Every athlete is aware that there are risks that are associated with sports. Sprains, strains, fractures, and other general aches and pains can go hand in hand with being an athlete. However, one other common and dangerous injury that is beginning to receive more attention is a concussion. Concussions can be sustained in any area of the brain, which can affect emotional regulation, decision making, problem solving, personality, and impulse control (Diehl, Thiel, Zipfel, Mayer, Litaker, & Schneider, 2012). The American Psychiatric Association note in the Diagnostic and Statistical Manual of Mental Disorders, 4th ed., text rev. (2000) Post Concussional Disorder is a symptom cluster that includes complaints of becoming fatigued easily, difficulty maintaining normal sleep patterns, headaches, dizziness, irritability, aggression, anxiety, depression, labile affect, changes in personality, apathy, and or lack of spontaneity. With the increased attention to concussions, there has been more and more evidence of the cumulative and traumatic effects they can have on an athlete.
Although the psychological risks of an adolescent sustaining a concussion can be severe, there is limited awareness of how to treat the effects of a concussion (Mittenberg, Tremont, Zielinski, Fichera, & Rayls, 1996). Athletes who have a concussion may often have questions and concerns that their doctor may not have the answers to (Kontos, Collins, & Russo, 2004). McAllister & Arciniegas (2002) noticed a discrepancy in the message that patients received in the emergency room and what they actually experience in the aftermath of a concussion. Athletes as emergency room patients who are told “you’ve had a mild concussion, you’ll be fine” may have a hard time understanding why they are experiencing such severe symptoms and difficulties in their lives.
Post concussive symptoms are grouped into 3 different categories: cognitive, somatic, and affective (McAllister & Arciniegas, 2002). The cognitive complaints can include difficulty concentrating, shorter attention span, and decreased memory. Somatic issues can involve headaches, fatigue, dizziness, difficulty with sleep, and sensitivity to noise and/or light. Patients experiencing affective complaints may experience depressed moods, irritability, and anxiety. It is important to recognize that not all complaints will be experienced and could be experienced in varying degrees of severity.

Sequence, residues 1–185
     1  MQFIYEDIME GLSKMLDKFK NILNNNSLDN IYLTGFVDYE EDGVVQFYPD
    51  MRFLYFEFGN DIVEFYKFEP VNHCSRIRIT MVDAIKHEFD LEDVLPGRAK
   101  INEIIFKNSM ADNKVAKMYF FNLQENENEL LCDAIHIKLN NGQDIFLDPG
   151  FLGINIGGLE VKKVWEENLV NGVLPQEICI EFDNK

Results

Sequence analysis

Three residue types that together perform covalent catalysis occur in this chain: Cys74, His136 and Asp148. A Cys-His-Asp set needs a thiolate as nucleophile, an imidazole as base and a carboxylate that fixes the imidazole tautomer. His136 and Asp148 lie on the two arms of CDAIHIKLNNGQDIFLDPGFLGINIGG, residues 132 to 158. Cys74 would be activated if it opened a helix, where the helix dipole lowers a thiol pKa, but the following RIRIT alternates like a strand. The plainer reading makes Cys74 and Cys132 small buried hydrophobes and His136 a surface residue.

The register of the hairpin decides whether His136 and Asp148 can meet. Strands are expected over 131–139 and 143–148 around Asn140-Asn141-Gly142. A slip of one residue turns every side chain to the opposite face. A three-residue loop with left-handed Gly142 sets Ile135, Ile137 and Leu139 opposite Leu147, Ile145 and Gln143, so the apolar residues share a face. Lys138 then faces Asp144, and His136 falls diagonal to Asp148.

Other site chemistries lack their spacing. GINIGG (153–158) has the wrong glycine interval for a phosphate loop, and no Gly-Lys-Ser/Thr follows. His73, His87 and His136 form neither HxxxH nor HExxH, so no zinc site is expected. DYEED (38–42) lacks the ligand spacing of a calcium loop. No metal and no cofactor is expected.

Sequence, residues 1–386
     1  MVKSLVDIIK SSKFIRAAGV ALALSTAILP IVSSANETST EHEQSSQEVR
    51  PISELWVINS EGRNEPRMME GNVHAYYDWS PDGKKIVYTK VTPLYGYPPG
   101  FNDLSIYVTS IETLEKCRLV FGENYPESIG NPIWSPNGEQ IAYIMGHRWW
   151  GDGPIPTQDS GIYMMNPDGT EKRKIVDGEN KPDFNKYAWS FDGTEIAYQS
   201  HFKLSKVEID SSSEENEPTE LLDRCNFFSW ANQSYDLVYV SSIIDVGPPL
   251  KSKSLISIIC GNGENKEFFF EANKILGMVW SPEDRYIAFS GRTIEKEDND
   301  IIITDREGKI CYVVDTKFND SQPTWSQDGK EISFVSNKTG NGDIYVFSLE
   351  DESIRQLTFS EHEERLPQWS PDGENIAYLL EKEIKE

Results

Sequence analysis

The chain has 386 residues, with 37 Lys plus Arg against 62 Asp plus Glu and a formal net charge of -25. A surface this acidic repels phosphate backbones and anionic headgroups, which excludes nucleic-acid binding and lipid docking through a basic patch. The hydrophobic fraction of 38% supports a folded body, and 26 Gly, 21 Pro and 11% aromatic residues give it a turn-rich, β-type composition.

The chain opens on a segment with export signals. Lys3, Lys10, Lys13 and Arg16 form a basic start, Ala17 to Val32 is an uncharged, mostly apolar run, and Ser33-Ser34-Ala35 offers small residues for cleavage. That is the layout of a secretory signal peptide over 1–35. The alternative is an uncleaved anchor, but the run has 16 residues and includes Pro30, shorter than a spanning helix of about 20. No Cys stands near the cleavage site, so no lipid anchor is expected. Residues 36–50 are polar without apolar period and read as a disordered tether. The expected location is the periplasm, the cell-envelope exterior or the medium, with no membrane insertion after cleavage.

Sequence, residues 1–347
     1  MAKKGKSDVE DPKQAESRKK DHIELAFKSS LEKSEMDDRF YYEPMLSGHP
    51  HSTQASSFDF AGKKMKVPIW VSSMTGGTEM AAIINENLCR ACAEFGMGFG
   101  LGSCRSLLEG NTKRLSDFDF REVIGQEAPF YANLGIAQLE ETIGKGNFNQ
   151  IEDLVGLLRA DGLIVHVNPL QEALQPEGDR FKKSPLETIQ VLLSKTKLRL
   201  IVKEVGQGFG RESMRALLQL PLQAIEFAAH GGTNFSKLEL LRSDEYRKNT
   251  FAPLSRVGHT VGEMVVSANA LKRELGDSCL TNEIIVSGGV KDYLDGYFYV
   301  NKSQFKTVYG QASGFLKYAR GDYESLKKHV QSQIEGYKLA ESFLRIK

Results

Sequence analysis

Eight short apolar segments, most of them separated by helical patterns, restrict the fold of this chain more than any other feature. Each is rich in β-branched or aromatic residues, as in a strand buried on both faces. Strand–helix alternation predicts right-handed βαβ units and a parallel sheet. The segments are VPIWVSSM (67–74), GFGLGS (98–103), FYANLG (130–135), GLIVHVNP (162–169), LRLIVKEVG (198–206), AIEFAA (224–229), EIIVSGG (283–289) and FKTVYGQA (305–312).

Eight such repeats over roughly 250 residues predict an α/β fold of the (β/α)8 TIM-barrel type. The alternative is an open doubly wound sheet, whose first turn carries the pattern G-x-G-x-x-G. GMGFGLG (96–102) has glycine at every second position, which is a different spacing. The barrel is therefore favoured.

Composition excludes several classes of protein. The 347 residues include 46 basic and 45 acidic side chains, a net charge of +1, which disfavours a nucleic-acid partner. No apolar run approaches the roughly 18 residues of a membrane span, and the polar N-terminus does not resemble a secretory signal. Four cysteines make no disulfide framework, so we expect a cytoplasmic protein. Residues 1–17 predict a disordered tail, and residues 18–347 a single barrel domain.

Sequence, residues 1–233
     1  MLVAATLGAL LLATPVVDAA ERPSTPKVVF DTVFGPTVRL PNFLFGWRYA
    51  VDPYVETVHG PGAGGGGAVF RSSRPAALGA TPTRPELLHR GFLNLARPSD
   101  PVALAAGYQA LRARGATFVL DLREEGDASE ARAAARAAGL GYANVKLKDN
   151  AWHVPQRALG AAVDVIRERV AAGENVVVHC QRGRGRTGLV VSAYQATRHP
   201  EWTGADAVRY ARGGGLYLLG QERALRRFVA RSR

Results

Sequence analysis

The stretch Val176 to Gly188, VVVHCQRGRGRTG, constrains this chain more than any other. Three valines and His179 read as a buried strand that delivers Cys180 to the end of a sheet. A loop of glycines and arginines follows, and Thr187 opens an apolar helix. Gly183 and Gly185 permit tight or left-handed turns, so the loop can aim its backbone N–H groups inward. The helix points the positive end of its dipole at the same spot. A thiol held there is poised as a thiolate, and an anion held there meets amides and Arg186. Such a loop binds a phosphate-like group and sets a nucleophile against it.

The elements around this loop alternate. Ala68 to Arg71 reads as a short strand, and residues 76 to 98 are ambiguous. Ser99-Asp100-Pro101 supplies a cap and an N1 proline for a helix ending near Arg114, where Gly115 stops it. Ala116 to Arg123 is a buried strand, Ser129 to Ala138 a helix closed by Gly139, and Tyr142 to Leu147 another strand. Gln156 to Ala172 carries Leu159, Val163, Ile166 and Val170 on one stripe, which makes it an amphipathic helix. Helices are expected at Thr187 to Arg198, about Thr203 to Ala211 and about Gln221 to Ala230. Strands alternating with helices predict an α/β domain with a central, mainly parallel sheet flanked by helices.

In treating Post Concussional Disorder, education, individual therapy, and group therapy have been shown to be beneficial as a means to assist in recovery. Mittenburg, Tremont, Zielinski, Fichera, & Rayls (1993) found that giving patients an informational pamphlet, Recovering from Head Injury: A Guide for Patients (Mittenberg, W., Zielinski, R. E., & Fichera, S. (1993) and having patients meet with a therapist individually was helpful in concussion recovery. Six months after treatment, this group of patients reported to experiencing significantly shorter symptom duration as well as fewer symptoms than did the control group. Bertisch, Rath, Langenbahn, Sherr, & Diller (2012) suggest that group treatment may actually be more beneficial in the treatment of Post Concussional Disorder because the group may provide an avenue of support with peers as well as feedback. In addition, it may help members share ideas and strategies that may be effective and helpful to other members in the group. Individuals who have experienced a concussion may feel as though they are helping others in their recovery process and as a result, are not as isolated as they may once have felt by this injury.
If you have suffered from a concussion, it is crucial not to minimize this injury. Rest is essential for brain recovery and trying to “tough it out” and keep exerting yourself mentally and physically will only prolong your recovery. In your treatment, it is important to seek help. You want to make sure you are taking care of all aspects of your concussion. This means you could seek a doctor or physician to see if there is any physical brain damage, a neuropsychologist to take tests (e.g. ImPACT) to understand see how your brain is functioning, a mental health provider to learn how to cope with the injury, and a support group that would provide you a network of people who understand firsthand what you’re going through. Look for resources in your area or online to educate yourself on what you are experiencing. Remember, returning to play before your symptoms have gone away is very dangerous. Make sure you are consulting with all members of your treatment team before you return to your sport.
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